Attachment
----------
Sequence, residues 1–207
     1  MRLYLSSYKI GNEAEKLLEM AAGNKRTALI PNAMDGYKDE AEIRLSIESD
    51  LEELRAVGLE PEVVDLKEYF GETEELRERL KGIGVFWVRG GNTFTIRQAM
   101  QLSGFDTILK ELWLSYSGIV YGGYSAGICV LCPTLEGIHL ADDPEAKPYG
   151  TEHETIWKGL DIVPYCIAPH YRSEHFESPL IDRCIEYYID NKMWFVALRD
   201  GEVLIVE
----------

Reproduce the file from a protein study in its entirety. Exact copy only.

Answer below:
Sequence, residues 1–207
     1  MRLYLSSYKI GNEAEKLLEM AAGNKRTALI PNAMDGYKDE AEIRLSIESD
    51  LEELRAVGLE PEVVDLKEYF GETEELRERL KGIGVFWVRG GNTFTIRQAM
   101  QLSGFDTILK ELWLSYSGIV YGGYSAGICV LCPTLEGIHL ADDPEAKPYG
   151  TEHETIWKGL DIVPYCIAPH YRSEHFESPL IDRCIEYYID NKMWFVALRD
   201  GEVLIVE